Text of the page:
She has recently made a move to a new post with Advance HE, where she will have the opportunity to draw on her learning development expertise to make an impact on the wider academic community. The ALDinHE Award would be a fitting and highly-deserved way to celebrate Helen’s impact in the learning development community, and a great way to say thank you.

Nayiri Keshishi University of Surrey. Nominated by Sarah Hack, University of Surrey

The School of Psychology Foundation Year is an inclusive programme which supports, stretches and develops students from a variety of backgrounds. Nayiri’s expertise has made a significant contribution to the success of the programme. In particular, it has benefitted from her commitment and enthusiasm to suggesting and embracing opportunities for active learning, to increase students’ confidence in their academic skills and ability to learn in an HE environment. For example, Nayiri designed and developed a formative activity which saw students work in groups to create an academic poster on a certain psychological disorder. Students presented their work at a live poster conference, where they were also required to score and give peer feedback using set marking standards. This was an effective way to not only increase subject knowledge, but also key academic skills such as group work, synthesising/ presenting information and interpreting a grading criteria. 

Nayiri has also helped develop value-added opportunities for students, such as the University Global Partnership Network (UGPN) Academy. This COIL project came 2nd place in the 2021 Pearson HE Innovate award for most innovative approach to widening participation in the curriculum.

Nayiri is very much a ‘team player’ and is always keen to share her work. She recently carried out an Erasmus+ Staff Mobility Training visit to Malmö University to present/ discuss best practice on digital learning environments, widening participation, challenge-based and playful learning. She has also published and presented in The Journal of Learning Development in HE and The Active Learning Network.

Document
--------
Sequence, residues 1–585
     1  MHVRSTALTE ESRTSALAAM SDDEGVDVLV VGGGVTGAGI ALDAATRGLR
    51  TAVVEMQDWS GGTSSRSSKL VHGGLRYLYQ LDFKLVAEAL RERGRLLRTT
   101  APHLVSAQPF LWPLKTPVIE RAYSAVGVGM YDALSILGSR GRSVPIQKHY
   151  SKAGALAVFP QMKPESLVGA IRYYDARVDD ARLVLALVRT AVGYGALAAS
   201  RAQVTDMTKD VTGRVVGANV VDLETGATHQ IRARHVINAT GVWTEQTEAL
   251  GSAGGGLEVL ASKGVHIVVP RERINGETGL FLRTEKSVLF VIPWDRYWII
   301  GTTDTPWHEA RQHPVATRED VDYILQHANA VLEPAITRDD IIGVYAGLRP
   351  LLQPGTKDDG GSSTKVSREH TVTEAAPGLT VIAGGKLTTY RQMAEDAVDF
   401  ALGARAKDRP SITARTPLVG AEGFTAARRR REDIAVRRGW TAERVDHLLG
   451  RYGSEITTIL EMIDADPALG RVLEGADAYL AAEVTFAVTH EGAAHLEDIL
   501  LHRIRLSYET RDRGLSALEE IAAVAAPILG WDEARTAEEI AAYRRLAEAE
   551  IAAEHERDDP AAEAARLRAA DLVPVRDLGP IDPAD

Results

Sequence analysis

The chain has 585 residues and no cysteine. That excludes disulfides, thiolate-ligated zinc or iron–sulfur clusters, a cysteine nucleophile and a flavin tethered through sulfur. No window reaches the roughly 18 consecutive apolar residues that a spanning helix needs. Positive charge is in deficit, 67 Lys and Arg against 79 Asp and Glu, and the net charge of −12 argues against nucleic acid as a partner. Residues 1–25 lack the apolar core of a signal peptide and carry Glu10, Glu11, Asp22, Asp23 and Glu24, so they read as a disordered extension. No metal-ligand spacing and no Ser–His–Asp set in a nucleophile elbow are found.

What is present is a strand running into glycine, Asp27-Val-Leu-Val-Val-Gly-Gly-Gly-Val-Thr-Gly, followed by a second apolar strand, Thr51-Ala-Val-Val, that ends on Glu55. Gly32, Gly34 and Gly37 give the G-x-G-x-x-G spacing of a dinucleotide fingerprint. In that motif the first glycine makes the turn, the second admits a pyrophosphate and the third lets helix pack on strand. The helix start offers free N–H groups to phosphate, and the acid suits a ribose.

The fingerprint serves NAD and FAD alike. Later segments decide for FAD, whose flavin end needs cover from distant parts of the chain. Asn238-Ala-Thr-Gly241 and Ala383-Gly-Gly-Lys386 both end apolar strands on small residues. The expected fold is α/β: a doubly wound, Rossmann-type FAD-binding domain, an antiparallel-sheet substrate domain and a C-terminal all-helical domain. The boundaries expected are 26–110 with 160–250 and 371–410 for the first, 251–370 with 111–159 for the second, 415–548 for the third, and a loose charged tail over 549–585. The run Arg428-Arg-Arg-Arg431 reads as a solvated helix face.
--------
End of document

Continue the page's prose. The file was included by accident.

I would like to end by recording how much I, and the students, value Nayiri’s calm, focused and good-humoured approach to learning development. She has a real talent for seeing through the clutter and suggesting clear courses of action. She is also amazingly efficient – an attribute which should never be undervalued! 

Dr Monica Chavez, City of Liverpool College. Nominated by Gita Sedghi University of Liverpool.

Monica’s innovative design of the Champions Programme enabled the establishment of a cross-institutional community of practice with the purpose of elevating academic staff to raise the standards of digital teaching and learning. This community of practice she led institutionally, the Champions Community, supports over 300 members of staff in developing their digital capabilities, sharing best practice and testing innovations in online teaching.

To deliver this initiative, she created and embedded a “Champions’ model” that includes three underlying principles: community of practice, champions’ roles, and peer coaching. A particularly powerful strategy has been that of communities of practice (see Lave and Wenger, 1991), the other two elements are connected to, and even dependent on, the community. Monica has had an impact at the institutional, national and international level with her work:

Institutional impact
The impact of this initiative can be illustrated in the case studies series that I developed with the champions(, the lecturing staff and their students, and their testimonial .

National impact
The Anti-Racism and Learning Technology Community of Practice-an initiative from across 30 plus FE and HE institutions in the UK.

International impact
The ‘Champions’ model’; she developed was part of the consultancy work to support Peruvian universities in partnership with the British Council to support the virtualisation of modules during the pandemic. As a senior consultant for this project, she co-created a Leaders Community to support a group of six Peruvian universities who take part in a Teaching Online Programme. Monica has created an online resource to enable colleagues across HE and FE to make use of communities of practice to embed ‘community’ into a special cause, initiative or programme/module.

Skip to content